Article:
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Byron Audler

I hope the PLAN is wasting all it's time trying to mess with the LCS instead of a real ship...


Being abysmally ignorant about all things nautical, I am going to assume that the ability to get underway and resume normal operation after the explosion is part of the shock test. So how are they going to factor in an evidently compromised propulsion system?


I wonder if it will just sink or be crippled beyond repair and let us be done with this misery.


timactual asks "So how are they going to factor in an evidently compromised propulsion system?"

Oh, the usual way. Smoke & mirrors, cheerleading the LCS, poo-pooing the critics; the usual.


Actually, I would say if software is the problem that's the good news. It's way easier to correct software than to have to go back and modify hardware. Hardware requires much more engineering, time and expense to correct. Then you'd have to retrofit any previous production.



If the software of the control system can be made to destroy the hardware, that is a far bigger problem than a mechanical redesign.


@URR, I respectfully disagree. Improperly written software frequently has the potential to be catastrophic, in all sorts of ways, including destruction of mechanical hardware, electronics, and larger systems, be it in ships, airplanes, automobiles, medical hardware or even your cell phone (cf. recent "Error 53" bug that bricked iPhones that had had the fingerprint reader repaired by a third party). That's why so much time is spent testing in labs with actual hardware, controlled field/flight tests, etc. In spite of all that sometimes problems do get through. It would be much more expensive/time consuming to have to go back and re-design the clutch/drive line and retrofit those changes as opposed to changing software to make them operate properly. This is greatly over-simplified, but I've experienced similar events in a number of instances.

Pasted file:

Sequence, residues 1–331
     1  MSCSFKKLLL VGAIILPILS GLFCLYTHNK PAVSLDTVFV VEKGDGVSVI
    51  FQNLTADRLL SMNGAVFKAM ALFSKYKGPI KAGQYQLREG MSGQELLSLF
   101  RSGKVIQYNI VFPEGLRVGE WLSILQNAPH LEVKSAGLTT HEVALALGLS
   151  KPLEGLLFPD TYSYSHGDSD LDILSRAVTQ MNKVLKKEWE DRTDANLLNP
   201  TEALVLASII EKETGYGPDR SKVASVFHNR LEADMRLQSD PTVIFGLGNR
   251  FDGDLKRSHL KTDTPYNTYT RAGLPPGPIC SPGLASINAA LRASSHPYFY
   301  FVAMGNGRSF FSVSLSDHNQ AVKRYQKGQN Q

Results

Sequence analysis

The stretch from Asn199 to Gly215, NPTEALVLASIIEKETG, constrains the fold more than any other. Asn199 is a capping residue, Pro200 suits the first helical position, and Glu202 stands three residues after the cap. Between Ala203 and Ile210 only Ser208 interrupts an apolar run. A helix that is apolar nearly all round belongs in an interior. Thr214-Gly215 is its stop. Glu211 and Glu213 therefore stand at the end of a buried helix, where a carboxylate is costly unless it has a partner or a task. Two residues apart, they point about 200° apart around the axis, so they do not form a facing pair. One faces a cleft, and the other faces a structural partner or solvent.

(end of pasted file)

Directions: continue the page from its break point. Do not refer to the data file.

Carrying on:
It isn't a matter of improperly written software. It is a matter of an adversary taking control of HM&E and being able to do catastrophic damage with very little effort and without being detected. ICS vulnerability, not just on Navy ships, is a massive and looming problem.

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